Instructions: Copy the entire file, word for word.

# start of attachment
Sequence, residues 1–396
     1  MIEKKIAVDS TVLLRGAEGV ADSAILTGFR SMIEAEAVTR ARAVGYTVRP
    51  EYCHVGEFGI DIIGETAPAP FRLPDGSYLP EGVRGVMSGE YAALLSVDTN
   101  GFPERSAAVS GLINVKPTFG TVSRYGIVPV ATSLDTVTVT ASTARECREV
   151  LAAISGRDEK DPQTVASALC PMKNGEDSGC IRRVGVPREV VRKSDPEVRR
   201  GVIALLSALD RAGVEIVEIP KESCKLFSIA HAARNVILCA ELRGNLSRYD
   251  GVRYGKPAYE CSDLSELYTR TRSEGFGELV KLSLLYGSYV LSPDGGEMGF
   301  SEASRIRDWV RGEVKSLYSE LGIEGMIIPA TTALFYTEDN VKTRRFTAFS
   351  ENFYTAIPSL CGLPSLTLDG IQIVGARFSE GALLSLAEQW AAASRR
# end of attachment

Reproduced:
Sequence, residues 1–396
     1  MIEKKIAVDS TVLLRGAEGV ADSAILTGFR SMIEAEAVTR ARAVGYTVRP
    51  EYCHVGEFGI DIIGETAPAP FRLPDGSYLP EGVRGVMSGE YAALLSVDTN
   101  GFPERSAAVS GLINVKPTFG TVSRYGIVPV ATSLDTVTVT ASTARECREV
   151  LAAISGRDEK DPQTVASALC PMKNGEDSGC IRRVGVPREV VRKSDPEVRR
   201  GVIALLSALD RAGVEIVEIP KESCKLFSIA HAARNVILCA ELRGNLSRYD
   251  GVRYGKPAYE CSDLSELYTR TRSEGFGELV KLSLLYGSYV LSPDGGEMGF
   301  SEASRIRDWV RGEVKSLYSE LGIEGMIIPA TTALFYTEDN VKTRRFTAFS
   351  ENFYTAIPSL CGLPSLTLDG IQIVGARFSE GALLSLAEQW AAASRR